Bond style ejector seats and off road buggies - Royal College of Art designer, Rob Thompson, discusses what our future ambulances may look like
Emergency transport of the future may have ejector seats to launch paramedics quickly into the thick of the action.
They may also be capable of driving off-road, allowing access to remote areas of the country, and expandable treatment areas providing 360 degree access to the patient.
New designs showing the possible future for the UK's ambulances have been unveiled at the Royal College of Art (RCA), London.
The concepts are the result of a two year project called Healthcare on the 'Move: The Smart Pods Project', funded by the Engineering and Physical Sciences Research Council (EPSRC).
On the spot treatment
RCA designer Rob Thompson told BBC News: "Up to 50% of people who dial 999 in an emergency could be treated at home by a rare breed of paramedic, an Emergency Care Practitioner (ECP).
A detachable shell allows for x-ray or screening procedures
"They have been trained with the skills needed to treat and diagnose a patient on scene rather than run them to hospital."
The idea of emergency on-the-spot community treatment was introduced by the government in 2001. However, experts say research into new technologies needed to support this new role is still lagging.
Mr Thompson continues: "We are looking at enabling technologies to help ECPs do their job."
One such design is called the shell concept. It has a removable 'shell' that can slide off the main vehicle to create an expanded treatment space, or left on the scene for extended periods of time.
The shell is interchangeable and can provide X-ray, screening and immunisation ability.
James Bond-style seats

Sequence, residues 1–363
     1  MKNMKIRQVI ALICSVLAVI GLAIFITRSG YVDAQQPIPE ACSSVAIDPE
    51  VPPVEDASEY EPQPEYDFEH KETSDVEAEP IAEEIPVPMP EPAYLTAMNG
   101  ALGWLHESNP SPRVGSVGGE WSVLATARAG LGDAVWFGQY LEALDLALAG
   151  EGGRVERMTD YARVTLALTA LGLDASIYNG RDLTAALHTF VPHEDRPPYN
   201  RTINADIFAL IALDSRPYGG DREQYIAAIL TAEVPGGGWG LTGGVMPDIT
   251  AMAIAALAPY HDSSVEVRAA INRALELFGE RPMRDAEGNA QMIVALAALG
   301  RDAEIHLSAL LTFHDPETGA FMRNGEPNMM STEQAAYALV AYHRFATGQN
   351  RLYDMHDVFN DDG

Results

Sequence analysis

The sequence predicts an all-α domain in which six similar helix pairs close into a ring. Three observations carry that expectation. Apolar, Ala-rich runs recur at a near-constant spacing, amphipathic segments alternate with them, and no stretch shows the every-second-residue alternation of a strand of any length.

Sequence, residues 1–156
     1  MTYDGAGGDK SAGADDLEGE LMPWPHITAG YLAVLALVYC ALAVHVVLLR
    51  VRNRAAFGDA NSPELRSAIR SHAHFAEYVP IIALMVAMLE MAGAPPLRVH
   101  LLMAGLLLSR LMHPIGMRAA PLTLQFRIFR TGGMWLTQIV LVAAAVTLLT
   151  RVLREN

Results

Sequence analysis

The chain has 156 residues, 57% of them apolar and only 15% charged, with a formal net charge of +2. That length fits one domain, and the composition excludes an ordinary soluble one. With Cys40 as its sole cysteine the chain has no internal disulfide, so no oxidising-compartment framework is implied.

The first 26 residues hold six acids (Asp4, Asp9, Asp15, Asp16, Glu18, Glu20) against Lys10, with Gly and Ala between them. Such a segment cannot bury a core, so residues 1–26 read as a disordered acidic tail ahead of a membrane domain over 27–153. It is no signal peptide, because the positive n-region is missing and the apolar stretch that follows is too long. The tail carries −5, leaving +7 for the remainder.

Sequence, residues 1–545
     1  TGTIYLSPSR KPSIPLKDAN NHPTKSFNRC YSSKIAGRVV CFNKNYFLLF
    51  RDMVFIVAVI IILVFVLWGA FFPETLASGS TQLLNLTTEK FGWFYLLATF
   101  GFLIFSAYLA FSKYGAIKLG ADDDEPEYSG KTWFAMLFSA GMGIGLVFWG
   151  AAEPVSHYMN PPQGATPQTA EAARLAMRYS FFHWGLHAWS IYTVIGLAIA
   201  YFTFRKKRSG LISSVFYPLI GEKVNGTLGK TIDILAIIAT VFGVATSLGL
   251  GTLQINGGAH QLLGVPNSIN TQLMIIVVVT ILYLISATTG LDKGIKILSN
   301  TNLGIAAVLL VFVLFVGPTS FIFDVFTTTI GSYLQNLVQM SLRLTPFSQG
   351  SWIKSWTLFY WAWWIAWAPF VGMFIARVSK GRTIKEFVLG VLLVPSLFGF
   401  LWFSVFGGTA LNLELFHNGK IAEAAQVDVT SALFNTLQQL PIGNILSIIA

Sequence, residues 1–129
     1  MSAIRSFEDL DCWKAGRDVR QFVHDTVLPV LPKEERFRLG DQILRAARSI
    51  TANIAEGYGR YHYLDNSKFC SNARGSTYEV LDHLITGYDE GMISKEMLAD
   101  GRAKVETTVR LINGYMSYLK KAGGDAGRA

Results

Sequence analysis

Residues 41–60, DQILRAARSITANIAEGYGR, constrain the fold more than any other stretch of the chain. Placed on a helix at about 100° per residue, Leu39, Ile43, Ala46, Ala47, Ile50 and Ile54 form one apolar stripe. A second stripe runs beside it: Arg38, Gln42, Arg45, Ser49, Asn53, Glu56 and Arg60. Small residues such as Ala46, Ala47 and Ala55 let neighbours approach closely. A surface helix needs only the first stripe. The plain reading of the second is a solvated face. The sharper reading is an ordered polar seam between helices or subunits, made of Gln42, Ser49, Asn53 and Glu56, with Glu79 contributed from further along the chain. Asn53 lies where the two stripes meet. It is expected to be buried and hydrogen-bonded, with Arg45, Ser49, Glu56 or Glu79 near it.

Of the six models on display, some are more radical than others.
Mr Thompson explains: "Whilst some of the models you can imagine on the roads very soon, others are much more extreme.
"The autocare concept is an example of a blue-sky project. The core essence of this vehicle design is speed it is engineered to drive as fast off-road as on road.
"Once on the scene an ejector type seat is activated to launch the paramedic, with all the kit and equipment they need, into the thick of the action."
The ladybird concept - equipped with an expanding treatment tent
Other proposals include a soft continuous silicone interior which morphs to the shape of the patient and allows for infection control as well as a deployable tent allowing 360 degree access to patients.
"What these projects demonstrate is the range of possible future directions for the next generation of ambulance.
"We think with the right funding this project could deliver a testable vehicle within the next four years," says Mr Thompson.
The Smart Pods Project is open at the RCA for two days from 7th April.
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